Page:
“You Can’t Afford Me” Says Hot Potato

Written by Bexy McFly

Move over, Miranda Kerr. Cabbage is the new supermodel.

It’s no longer just humans dealing with image issues and feeling as though they’re ‘not good enough’. Less than perfect produce that doesn’t make the cut on Supermarket’s Next Top Model are sent back to the ground they came from, or turned into livestock feed. This means that 30 to 40 per cent of vegetables grown in Tasmania don’t even make it to the shelves. And the ones that do are so expensive that maintaining a healthy diet would cost Tasmanians almost half of their household budget, a University study has found.

Promoting Tasmanian Vegetables to Tasmanian Adults, commissioned by Eat Well Tasmania, has found that even where vegetables are harvested and partially washed, many are being graded-out and fed to stock. Sorry, Carrot. You did not receive a rose, it’s time to go.

So why is there an issue around access to produce and affordability, when there are so many vegetables that don’t get the chance to go on sale? Why aren’t they being offered up as cheaper alternatives? Surely a tiny bruise or spot does not a rotten tomato make.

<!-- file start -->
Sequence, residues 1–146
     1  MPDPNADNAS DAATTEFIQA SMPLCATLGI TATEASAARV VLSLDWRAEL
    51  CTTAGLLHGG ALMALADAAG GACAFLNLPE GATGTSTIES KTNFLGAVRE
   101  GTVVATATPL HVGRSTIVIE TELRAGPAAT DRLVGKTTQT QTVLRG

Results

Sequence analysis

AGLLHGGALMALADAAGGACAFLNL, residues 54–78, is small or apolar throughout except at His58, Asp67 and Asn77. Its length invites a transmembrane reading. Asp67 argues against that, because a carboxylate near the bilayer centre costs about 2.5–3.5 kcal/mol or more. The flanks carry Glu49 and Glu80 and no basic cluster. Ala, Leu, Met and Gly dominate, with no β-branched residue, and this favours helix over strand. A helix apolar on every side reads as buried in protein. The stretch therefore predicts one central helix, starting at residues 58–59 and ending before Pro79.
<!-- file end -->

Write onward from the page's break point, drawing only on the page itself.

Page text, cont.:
Leah Galvin, from the Heart Foundation, says the two figures don’t add up, adding that farmers have an opportunity to sell produce that’s been graded out through less exacting outlets than the two major supermarkets.

“Sometimes I talk about supermodel food. You’ve really got to be gorgeous to make it into a supermarket.”

“So if you don’t make that grade, and that’s the big aim for producers to reach that market, then they might not see the opportunity for them to sell through other channels.”

“That’s something we actually really want to explore,” she said.

The Heart Foundation Healthy Food Access Tasmania program is offering $480,000 in grant funding for community groups to make ‘nature’s grade’ produce available.

Galvin says the heart foundation want to look at ways of making stronger connections between what’s grown and what’s being made available, with more localised operations like small neighbourhood-type initiatives, food co-ops and even using the urban environment to produce more food.

So you see, there’s hope for all you wilted lettuce and limp cucumbers out there – you’re still beautiful, and with The Heart Foundation’s help you might just achieve that coveted place on the dinner plate after all.

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